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The three days long Fall Academy organized by the MCC Law School in Gárdony ended with great success. The theme of the weekend was the future and destiny of Europe, as well as the effects of the armed conflict in the neighboring Ukraine. Renowned Hungarian law professors and a distinguished American constitutional scholar shared their thoughts on these questions. This was followed by interactive group contests among the students. With the goal to establish a tradition, the instructive student competitions addressed key issues of the European integration.

The MCC Law School organized its Fall Academy in Gárdony that focused on the future and values of Europe along with the role of the European integration. As for the academic programs, the students first attended the professors’ conversation. István Stumpf, research professor at the National University of Public Service, former Member of the Constitutional Court and former Minister, László Trócsányi, Rector of the Károli Gáspár University of the Reformed Church and Member of the European Parliament and Balázs Schanda, professor of law at the Pázmány Péter Catholic University and Member of the Constitutional Court had a vivid and honest exchange of ideas on the fundamental questions of Europe. The concept of the European way of life, the European values, the role of Christianity as well as the common European roots were touched upon. The discussion moderated by Márton Sulyok, Head of Center for Public Law also addressed whether a European dream exists and what the real stake of the debate between the federalists and those who believe in the concept of the nations of Europe. The professors also reflected on the tragedy of the ongoing war and the inability or unwillingness of the Europe Union to mediate between the parties.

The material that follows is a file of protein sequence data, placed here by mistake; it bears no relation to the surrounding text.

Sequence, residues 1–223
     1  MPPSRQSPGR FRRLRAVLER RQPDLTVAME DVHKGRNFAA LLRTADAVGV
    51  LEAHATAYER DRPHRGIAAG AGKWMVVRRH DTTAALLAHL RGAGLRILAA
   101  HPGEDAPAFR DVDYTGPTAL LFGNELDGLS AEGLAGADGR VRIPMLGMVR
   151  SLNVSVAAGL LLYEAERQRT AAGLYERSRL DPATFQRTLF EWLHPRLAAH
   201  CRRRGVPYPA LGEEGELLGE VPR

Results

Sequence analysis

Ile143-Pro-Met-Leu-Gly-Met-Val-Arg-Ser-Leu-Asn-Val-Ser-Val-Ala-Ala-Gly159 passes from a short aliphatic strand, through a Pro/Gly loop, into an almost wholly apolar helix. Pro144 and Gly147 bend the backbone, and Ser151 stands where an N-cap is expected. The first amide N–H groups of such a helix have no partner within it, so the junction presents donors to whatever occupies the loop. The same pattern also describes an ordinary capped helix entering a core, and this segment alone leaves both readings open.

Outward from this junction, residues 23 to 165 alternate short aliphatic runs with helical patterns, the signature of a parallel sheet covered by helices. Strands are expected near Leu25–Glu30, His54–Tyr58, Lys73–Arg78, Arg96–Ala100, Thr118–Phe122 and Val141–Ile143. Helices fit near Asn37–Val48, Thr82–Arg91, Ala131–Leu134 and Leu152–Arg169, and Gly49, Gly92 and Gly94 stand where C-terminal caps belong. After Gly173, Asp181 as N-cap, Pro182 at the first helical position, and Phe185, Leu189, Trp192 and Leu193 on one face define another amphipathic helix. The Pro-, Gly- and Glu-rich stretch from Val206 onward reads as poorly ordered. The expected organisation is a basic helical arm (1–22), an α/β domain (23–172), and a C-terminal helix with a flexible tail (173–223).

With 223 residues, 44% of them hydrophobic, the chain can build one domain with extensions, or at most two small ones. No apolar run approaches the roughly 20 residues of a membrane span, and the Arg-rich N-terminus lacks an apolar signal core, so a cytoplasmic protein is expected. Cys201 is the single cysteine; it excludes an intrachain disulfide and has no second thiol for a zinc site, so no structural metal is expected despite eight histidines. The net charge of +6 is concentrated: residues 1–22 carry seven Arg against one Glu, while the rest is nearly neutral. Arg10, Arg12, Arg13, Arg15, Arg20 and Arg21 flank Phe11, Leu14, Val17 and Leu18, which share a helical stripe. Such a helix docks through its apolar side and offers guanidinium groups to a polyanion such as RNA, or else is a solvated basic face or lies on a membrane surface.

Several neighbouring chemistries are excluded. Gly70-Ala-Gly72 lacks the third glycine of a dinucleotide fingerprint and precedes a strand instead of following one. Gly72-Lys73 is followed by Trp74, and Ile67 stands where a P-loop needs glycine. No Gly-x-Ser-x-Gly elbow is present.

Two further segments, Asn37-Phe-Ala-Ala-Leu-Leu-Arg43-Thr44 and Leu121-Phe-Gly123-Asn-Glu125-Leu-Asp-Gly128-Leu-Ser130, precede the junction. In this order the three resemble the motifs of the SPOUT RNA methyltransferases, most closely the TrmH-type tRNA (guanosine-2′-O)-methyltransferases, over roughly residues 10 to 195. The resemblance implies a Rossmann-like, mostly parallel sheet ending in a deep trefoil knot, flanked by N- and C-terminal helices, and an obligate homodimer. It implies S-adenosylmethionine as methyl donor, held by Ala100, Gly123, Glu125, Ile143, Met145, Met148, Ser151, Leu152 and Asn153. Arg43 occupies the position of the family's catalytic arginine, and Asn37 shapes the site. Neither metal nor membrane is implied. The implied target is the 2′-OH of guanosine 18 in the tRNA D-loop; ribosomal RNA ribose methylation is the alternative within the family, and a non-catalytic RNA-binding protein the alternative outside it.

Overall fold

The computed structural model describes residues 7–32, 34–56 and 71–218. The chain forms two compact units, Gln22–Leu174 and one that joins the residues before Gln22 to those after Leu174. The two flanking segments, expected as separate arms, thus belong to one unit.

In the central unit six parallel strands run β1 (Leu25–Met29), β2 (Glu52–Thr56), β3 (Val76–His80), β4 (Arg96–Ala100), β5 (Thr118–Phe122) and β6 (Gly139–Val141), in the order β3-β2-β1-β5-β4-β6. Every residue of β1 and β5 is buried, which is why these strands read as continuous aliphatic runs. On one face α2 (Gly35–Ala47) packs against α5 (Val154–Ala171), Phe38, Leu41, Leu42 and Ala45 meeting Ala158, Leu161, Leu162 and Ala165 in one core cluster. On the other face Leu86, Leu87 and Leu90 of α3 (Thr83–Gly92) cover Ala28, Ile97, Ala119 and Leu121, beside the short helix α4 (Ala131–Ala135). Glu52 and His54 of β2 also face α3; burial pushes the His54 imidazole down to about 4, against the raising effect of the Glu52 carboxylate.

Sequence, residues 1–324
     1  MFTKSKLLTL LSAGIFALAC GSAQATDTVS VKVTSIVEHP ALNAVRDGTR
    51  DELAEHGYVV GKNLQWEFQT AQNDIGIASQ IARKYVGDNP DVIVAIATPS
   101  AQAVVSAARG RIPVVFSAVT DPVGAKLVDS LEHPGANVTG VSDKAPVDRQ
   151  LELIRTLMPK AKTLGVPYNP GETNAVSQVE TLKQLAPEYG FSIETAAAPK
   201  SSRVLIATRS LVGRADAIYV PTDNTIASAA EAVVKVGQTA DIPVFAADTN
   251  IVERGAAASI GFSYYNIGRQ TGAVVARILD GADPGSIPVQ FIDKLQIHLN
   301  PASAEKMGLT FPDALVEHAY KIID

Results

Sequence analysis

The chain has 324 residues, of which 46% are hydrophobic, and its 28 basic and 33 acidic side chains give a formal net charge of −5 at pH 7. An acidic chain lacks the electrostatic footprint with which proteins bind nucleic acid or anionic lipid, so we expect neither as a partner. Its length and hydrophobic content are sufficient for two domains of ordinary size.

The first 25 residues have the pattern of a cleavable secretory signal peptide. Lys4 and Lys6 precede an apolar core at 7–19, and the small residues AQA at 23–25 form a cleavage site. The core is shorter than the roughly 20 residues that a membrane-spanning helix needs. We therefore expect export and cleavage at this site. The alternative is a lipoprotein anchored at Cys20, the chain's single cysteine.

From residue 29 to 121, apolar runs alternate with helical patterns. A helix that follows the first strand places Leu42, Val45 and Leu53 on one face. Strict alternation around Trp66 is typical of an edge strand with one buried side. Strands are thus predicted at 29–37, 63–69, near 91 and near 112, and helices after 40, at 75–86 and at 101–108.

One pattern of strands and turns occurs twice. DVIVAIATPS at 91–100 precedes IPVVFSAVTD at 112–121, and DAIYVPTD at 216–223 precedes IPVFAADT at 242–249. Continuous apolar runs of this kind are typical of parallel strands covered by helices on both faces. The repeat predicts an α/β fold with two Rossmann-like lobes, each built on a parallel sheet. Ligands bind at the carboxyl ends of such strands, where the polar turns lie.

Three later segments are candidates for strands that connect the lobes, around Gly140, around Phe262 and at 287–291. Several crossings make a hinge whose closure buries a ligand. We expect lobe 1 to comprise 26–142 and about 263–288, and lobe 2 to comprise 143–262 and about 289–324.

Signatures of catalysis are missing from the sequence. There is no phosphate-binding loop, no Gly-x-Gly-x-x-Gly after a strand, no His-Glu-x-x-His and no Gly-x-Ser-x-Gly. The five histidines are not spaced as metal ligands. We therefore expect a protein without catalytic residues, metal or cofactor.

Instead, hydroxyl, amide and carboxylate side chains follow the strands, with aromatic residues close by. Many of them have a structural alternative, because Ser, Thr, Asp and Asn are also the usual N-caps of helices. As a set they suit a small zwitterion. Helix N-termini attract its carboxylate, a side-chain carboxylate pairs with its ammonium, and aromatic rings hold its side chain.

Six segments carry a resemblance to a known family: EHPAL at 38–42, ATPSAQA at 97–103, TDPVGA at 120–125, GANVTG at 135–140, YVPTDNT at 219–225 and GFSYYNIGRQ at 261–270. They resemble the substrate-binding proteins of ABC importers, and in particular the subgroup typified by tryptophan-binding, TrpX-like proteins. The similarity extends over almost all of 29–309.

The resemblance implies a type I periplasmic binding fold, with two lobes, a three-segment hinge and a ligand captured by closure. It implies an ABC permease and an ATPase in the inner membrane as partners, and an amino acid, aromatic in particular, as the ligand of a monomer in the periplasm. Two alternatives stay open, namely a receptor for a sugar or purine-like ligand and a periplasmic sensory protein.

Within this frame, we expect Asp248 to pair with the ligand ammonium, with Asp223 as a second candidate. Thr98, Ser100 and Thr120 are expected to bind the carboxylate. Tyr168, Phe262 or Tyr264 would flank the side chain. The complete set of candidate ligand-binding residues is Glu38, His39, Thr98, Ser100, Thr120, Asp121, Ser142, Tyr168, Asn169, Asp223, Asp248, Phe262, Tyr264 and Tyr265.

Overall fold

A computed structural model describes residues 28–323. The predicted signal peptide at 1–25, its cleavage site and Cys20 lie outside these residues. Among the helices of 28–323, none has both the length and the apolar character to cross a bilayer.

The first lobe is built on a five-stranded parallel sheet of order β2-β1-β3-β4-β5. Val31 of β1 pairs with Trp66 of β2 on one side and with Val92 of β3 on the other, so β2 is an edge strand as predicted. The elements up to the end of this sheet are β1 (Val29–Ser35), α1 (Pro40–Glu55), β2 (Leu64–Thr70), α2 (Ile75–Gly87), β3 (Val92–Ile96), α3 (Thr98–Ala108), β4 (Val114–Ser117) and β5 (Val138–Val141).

The afternoon panel discussion was at least as exciting as the professors’ conversation in the morning. Lénárd Sándor, the Head of Center for International Law at MCC moderated the discussion with the renowned constitutional scholar, Ilya Shapiro about the turning points and lessons the development of the American constitutional history shows. The starting question was: what would Alexis de Tocqueville see if he returned to America today? The discussion shed light on the distortions of the idea of democratic self-governance, on the reasons of the burgeoning bureaucracy and centralization, as well as on the role of the federal judiciary played in this process. The threats of the erosion of the principle of “federalism” or subsidiarity were also highlighted, as the saying goes: “he who pays the piper calls the tune”.

These expert panels were followed by the students’ contest. Students were organized into four teams. The first two teams argued for and against whether Europe has specific values, and if so, should the institutions of the European Union protect these values? The second two teams formulated pros and cons on whether the institutional system of the European Union should be reformed and why? The chairman of the jury was Péter Lánczi, Deputy Director General of the Mathias Corvinus Collegium, while its members were Noémi Pálfalvi, Acting Director of International Relations and experts of the Law School. The captivating and exciting team competitions proved to be instructive for everyone; and the winners took their well-deserved prizes. Subsequent contests will also address legal questions that also have public life aspects, which are interesting to law and non-law students alike and are also important to be able to understand the World as intellectuals and Hungarians. To be continued…